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Learning Goals

Challenging Learning Goals and Effective Feedback

Each child will have a greater opportunity to achieve academic success if they are appropriately guided, challenged and monitored. As teachers help their students set realistic and attainable educational goals and then consistently work to fulfill, refine and report on those goals academic achievement will increase.

What are Learning Goals (Targets)?

A student learning goal is a measurable, long-term student academic growth target that a teacher sets at the beginning of the year. These goals should demonstrate a teacher’s impact on student learning within a given interval of instruction based upon baseline data (Sequoia’s benchmarks) gathered at the beginning of the course (school year for elementary level). Each goal should include:

  • The student population or sample included in the goal;
  • The local, AZ and national standards the student learning goal will align with;
  • The assessments that will be used to measure student progress and goal attainment; these assessments should be authentic in nature (that is they measure what the student CAN do in a real life application (i.e. measure what the student can do as a result of instruction and learning the goal).
  • The period of time covered by the goal;
  • The expected student growth (or outcomes (i.e. What the student will be able to do as a result of instruction); and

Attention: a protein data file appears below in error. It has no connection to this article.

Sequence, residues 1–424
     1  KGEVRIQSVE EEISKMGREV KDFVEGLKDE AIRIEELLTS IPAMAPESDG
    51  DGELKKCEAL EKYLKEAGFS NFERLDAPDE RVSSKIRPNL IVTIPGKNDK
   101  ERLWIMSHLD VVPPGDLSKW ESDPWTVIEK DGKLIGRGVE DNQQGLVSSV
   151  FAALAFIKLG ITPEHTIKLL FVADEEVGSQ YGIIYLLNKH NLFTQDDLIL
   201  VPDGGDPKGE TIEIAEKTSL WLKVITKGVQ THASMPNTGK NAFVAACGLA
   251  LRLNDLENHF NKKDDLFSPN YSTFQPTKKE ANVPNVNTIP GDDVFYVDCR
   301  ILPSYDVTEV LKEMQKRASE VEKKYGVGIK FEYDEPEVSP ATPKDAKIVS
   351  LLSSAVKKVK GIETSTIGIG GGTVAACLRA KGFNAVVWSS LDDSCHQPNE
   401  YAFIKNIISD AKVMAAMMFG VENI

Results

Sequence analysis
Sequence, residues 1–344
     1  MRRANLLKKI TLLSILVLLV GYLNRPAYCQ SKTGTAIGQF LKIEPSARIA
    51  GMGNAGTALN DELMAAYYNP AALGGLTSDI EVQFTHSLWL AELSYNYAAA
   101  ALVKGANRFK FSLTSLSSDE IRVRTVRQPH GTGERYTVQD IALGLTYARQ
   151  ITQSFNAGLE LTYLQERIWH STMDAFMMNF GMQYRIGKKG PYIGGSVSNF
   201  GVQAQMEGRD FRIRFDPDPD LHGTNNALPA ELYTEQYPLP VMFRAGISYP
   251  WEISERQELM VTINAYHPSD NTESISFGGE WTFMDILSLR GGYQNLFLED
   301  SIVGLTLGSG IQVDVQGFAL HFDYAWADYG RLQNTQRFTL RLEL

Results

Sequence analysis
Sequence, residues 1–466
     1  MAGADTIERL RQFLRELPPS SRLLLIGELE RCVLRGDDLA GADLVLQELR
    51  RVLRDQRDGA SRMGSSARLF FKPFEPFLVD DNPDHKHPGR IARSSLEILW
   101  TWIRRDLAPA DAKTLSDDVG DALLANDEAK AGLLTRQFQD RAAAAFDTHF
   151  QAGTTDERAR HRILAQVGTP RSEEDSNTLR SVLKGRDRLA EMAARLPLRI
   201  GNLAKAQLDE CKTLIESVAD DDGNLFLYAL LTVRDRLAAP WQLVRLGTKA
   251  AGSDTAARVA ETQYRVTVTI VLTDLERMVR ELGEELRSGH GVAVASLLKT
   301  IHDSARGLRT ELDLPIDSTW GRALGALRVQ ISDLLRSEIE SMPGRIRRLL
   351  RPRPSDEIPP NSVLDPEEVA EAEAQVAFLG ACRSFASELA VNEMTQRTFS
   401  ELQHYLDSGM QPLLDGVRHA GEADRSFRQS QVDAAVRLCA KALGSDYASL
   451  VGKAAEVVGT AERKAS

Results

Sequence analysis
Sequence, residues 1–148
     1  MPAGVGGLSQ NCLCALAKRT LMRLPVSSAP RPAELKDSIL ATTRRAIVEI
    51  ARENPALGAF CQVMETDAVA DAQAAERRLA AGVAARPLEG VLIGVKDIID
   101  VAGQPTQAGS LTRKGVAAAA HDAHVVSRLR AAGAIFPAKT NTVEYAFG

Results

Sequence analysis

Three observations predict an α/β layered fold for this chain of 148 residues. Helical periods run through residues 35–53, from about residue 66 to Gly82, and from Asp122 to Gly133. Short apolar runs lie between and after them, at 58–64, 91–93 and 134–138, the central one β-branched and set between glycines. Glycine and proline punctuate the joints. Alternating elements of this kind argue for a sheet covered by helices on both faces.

• The rationale (the why this is an important goal to work or design backwards from) for the expected student growth. See Also: Planning Backwards.
Design Backward, Deliver Forward

The student learning goal process documents for the organization what an effective level 3, 4, and 5 on our supervision and evaluation model teacher already does. Once we have collected this information it will be made available to all staff with hyperlinked resources that Sequoia will maintain.

A teacher determines where his/her students are at in the beginning of the term (benchmarks), teaches content, builds skills, offers formative and summative assessments, and determines student growth and proficiency at the close of the term. A highly effective teacher is one who knows his/her standards well, who collaborates around lessons and methods to meet the needs of the kids as he/she seeks to meet the standards, and who uses assessments that measure student growth and achievement of the standards.

Author’s Note: The link for summative assessments was purposely chosen as it discusses English as a second language which is extremely important in Arizona.

Highly recommended: See: PA Standards Aligned assessment creator for more. This program allows you to select the proper formative or summative (and diagnostic and benchmarked assessments) to create your formative and summative assessments. Sequoia provides benchmarks to its schools.

Also see: Authentic Alternative Assessments.